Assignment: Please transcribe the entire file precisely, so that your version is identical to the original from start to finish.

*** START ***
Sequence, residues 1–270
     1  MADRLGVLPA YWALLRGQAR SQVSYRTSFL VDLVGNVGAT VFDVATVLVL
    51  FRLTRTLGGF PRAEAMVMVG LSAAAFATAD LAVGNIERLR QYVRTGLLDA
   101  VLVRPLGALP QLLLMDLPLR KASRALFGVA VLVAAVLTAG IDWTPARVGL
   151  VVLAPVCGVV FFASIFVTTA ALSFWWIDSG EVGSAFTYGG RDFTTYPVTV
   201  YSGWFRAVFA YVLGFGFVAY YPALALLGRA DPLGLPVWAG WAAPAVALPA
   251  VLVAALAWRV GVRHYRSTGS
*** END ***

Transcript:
Sequence, residues 1–270
     1  MADRLGVLPA YWALLRGQAR SQVSYRTSFL VDLVGNVGAT VFDVATVLVL
    51  FRLTRTLGGF PRAEAMVMVG LSAAAFATAD LAVGNIERLR QYVRTGLLDA
   101  VLVRPLGALP QLLLMDLPLR KASRALFGVA VLVAAVLTAG IDWTPARVGL
   151  VVLAPVCGVV FFASIFVTTA ALSFWWIDSG EVGSAFTYGG RDFTTYPVTV
   201  YSGWFRAVFA YVLGFGFVAY YPALALLGRA DPLGLPVWAG WAAPAVALPA
   251  VLVAALAWRV GVRHYRSTGS